A better answer is that government incentives jumpstart the solar industry. By creating demand, they encourage innovation that bring down the cost. And they’re working. A report last month by a team at Lawrence Berkeley National Laboratory found that the price of solar panels fell by about 25 percent from 1998 to 2007 partly because of government subsides. States and countries with aggressive solar programs produce power more cheaply. Most of the savings came not from the solar cells themselves but from all the auxiliary equipment.
Another report, released last summer by the McKinsey consulting group, itemized the market failures that block investment in energy efficiency and renewables. For instance, few homeowners shell out for improvements that might be worthwhile in the long run. The words “long run” aren’t in most people’s vocabulary and even the most far-sighted homeowners can’t be sure they’ll really reap the benefits. What if they move houses? Will buyers really pay extra for solar? Such market failures call for Uncle Sam to step up.
Every energy source and indeed every nascent industry of any sort has needed government handouts to get going. Economists generally find that such policies work best when they are limited in time rather than becoming an open-ended invitation to leech off of the taxpayer. Solar subsidies meet this criterion. State subsidies are already less generous that they were a few years ago and the Federal tax credit is due to expire in 2016, by which point advocates claim solar will be competitive on its own.
On the other hand, detractors still have a case. If the goal is to reduce emissions, then the government should limit emissions, period. It should let the market decide how to come in under that limit. Other measures, such as energy conservation, might well get more bang for the buck. A spiffy chart in this month’s National Geographic, adapted from the McKinsey report, bears this out. That said, the same report argues that picking all the low-hanging fruit gets you only a quarter of the way to stabilizing the climate. Renewables, though pricier, are probably still going to be needed.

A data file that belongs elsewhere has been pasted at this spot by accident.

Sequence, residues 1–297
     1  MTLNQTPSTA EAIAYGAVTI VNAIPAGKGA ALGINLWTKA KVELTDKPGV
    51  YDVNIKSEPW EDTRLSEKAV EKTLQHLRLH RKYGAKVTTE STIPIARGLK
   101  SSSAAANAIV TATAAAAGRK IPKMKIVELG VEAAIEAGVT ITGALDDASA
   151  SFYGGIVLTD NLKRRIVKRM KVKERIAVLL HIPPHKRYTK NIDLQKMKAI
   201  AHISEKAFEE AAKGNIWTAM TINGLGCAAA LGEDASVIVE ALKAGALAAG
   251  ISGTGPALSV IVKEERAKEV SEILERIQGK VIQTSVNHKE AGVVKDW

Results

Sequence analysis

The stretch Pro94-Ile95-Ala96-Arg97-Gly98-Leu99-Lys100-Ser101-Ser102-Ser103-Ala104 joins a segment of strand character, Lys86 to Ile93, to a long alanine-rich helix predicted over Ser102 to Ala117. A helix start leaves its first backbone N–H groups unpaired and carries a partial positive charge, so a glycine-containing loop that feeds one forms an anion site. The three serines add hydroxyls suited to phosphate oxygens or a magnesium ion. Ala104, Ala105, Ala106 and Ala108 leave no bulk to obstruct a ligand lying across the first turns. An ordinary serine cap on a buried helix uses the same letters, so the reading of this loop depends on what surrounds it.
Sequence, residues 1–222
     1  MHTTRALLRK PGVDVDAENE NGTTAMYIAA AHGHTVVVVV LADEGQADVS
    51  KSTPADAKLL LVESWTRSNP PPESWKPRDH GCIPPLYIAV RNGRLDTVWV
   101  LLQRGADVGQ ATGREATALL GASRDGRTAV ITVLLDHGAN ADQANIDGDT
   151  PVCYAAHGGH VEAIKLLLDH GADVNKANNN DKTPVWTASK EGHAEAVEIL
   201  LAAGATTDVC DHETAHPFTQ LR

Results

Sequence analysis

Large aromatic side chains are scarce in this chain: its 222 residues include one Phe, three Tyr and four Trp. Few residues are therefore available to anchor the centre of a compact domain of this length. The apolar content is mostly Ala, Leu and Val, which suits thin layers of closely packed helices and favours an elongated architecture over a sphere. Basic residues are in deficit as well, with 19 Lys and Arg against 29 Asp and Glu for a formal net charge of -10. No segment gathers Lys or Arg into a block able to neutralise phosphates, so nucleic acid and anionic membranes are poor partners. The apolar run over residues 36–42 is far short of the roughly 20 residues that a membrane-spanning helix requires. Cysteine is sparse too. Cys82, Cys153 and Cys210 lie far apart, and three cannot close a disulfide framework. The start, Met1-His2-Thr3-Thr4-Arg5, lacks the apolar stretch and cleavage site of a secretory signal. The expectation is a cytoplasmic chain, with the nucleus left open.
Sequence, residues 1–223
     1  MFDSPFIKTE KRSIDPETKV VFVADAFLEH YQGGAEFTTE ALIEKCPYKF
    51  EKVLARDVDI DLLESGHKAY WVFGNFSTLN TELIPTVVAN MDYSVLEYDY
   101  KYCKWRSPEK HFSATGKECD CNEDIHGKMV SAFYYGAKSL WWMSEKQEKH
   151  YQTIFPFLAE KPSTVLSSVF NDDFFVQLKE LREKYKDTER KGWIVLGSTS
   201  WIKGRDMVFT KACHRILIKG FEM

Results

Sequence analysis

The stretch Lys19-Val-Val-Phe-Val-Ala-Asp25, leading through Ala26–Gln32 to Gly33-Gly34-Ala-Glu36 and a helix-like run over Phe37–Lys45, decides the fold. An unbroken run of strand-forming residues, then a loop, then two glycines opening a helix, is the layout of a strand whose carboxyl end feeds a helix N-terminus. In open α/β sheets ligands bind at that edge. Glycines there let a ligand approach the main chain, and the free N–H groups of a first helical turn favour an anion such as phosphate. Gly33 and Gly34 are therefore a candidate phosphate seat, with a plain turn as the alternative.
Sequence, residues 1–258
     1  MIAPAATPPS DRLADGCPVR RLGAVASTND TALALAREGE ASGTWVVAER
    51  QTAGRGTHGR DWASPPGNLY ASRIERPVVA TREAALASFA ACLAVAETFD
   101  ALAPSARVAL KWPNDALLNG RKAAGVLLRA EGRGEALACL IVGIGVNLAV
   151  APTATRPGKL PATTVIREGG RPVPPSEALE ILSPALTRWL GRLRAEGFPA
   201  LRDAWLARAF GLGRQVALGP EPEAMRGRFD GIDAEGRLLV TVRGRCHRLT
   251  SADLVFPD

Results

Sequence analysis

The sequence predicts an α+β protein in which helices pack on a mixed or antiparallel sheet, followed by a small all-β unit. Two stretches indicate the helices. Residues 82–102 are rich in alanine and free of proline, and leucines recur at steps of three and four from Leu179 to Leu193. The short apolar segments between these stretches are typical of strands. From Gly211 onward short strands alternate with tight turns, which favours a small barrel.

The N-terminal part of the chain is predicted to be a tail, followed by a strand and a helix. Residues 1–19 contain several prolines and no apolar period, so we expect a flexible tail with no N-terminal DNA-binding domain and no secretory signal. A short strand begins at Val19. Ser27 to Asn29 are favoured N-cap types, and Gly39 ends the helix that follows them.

As for the criticism that solar homeowners are “freeloaders” for relying on the grid to provide power when it’s dark outside, I’m not a freeloader—yet. Once my panels are installed, I’ll pay for whatever power I receive from the grid. I won’t impose any additional costs on my fellow ratepayers, since the grid will have no trouble soaking up the power I produce by day and returning the favor by night. Utilities already have to adjust their power output for fluctuating demand, equipment failures, and so on, and they’ll barely notice my little trickle. But as ever more people line their roofs with panels, load-balancing won’t come for free anymore. We’ll need massive energy storage systems, such as compressed air.
I’d be interested in what others have to say. You can find out what my friend (and public-policy expert) Greg Feldberg thinks about the situation in Maryland and what another science writer, Osha Gray Davidson, has to say about Arizona’s programs. One common factor is that none of us could go solar on our own. To make solar a reality takes support from local and Federal subsidies to help pay for the systems and from the power grid to match electricity supply and demand.
A solar house (not George's), courtesy of Cameron Christensen